Launch of the James Webb Space Telescope delayed again due to covid-19

Launch of the James Webb Space Telescope delayed again due to covid-19
New Scientist Default Image

Once again, the James Webb Space Telescope has been delayed
NASA/Desiree Stover

The launch of NASA’s James Webb Space Telescope (JWST) has been delayed once again. Its planned launch date has slipped from March 2021 to 31 October 2021, partially due to the coronavirus pandemic.

This is just the latest in a series of delays and budget overruns since the beginning of the project in 1996. Since then, the scope of the project has broadened and the budget expanded from $0.5 billion to $9.6 billion. The most recent delay was announced in 2018, along with another increase in the budget, and moved the launch date from May 2020 to March 2021.

This new delay will not come with a budget increase, said NASA Science Mission Directorate associate administrator Thomas Zurbuchen in a 16 July press conference. Instead, it will be paid for by additional funds that were allocated to the mission in the last delay.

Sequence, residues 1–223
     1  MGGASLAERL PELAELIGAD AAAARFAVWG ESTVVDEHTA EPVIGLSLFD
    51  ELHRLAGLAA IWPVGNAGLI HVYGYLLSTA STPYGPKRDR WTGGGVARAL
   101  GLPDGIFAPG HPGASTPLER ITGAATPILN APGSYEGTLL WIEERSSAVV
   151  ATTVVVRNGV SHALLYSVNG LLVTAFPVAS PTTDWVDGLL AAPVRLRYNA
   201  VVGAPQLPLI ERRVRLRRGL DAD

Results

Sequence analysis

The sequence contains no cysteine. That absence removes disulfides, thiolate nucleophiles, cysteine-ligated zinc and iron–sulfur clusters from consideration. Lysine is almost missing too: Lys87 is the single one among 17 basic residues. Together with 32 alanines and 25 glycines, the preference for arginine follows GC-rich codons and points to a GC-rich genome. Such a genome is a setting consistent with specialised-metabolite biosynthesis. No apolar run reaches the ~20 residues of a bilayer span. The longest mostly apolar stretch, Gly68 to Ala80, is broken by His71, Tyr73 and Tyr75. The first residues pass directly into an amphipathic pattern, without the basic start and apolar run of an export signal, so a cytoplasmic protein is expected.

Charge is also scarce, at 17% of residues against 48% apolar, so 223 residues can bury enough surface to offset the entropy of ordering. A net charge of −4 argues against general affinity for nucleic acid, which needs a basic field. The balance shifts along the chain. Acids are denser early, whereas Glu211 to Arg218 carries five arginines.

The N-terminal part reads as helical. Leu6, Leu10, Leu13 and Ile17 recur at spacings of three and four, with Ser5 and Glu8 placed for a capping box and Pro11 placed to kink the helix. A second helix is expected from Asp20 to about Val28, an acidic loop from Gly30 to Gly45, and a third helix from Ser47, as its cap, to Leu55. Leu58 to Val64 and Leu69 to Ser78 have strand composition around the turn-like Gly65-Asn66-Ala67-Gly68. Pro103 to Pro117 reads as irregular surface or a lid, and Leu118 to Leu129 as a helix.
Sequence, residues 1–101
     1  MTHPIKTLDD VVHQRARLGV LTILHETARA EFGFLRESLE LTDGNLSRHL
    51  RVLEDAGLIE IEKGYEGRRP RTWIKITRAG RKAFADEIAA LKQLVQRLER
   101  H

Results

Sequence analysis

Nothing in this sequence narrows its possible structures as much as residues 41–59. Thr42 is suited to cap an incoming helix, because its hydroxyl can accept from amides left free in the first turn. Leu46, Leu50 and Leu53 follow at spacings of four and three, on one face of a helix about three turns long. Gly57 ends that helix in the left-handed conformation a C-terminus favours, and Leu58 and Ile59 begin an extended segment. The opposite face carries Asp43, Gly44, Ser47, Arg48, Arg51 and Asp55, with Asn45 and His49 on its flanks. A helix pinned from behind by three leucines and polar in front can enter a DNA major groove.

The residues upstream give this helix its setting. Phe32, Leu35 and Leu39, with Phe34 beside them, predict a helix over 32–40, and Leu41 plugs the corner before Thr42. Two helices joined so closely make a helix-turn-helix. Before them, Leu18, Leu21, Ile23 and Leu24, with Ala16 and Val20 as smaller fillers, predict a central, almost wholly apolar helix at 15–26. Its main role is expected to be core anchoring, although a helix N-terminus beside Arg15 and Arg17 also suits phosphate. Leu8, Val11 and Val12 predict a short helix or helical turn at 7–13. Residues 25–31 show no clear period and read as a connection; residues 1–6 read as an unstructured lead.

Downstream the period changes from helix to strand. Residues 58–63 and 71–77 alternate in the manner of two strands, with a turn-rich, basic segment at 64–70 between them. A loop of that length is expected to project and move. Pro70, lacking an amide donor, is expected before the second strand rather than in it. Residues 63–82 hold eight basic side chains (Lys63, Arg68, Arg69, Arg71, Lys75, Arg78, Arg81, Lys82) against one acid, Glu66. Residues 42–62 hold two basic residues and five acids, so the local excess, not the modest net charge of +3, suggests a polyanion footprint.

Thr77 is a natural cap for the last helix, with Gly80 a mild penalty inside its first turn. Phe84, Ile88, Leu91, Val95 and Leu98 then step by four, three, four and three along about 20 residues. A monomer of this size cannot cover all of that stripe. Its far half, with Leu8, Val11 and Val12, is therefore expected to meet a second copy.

Of the seven-month delay, the coronavirus pandemic is to blame for at least three months of scheduling slip, said JWST program director Gregory Robinson during the press conference. “The team is practicing covid-19 workplace protocols like social distancing, which will impact how quickly tasks can be finished in the clean room,” he said. It also means that fewer people can work on the spacecraft simultaneously.

JWST is NASA’s planned successor for the Hubble Space Telescope, which will probably stop working sometime in the 2030s, according to NASA associate administrator Stephen Jurczyk, who also spoke at the press conference. It is even larger and more powerful than Hubble, so it will be used primarily to hunt for exoplanets that Hubble cannot see, and even examine some of the atmospheres of those worlds to look for signs of life.

Its size will also allow it to look deeper into the early universe than Hubble can to observe the formation of the very first stars and galaxies and study how they evolved over time.

More on these topics:

XL subscribe to our newsletter banner

Get the latest news and advice on COVID-19, direct from the experts in your inbox. Join hundreds of thousands who trust experts by subscribing to our newsletter.

Send your news and stories to us or and WhatsApp: +447747873668.

Before you go...

Democratic norms are being stress-tested all over the world, and the past few years have thrown up all kinds of questions we didn't know needed clarifying – how long is too long for a parliamentary prorogation? How far should politicians be allowed to intervene in court cases? To monitor these issues as closely as we have in the past we need your support, so please consider donating to The Climax News Room.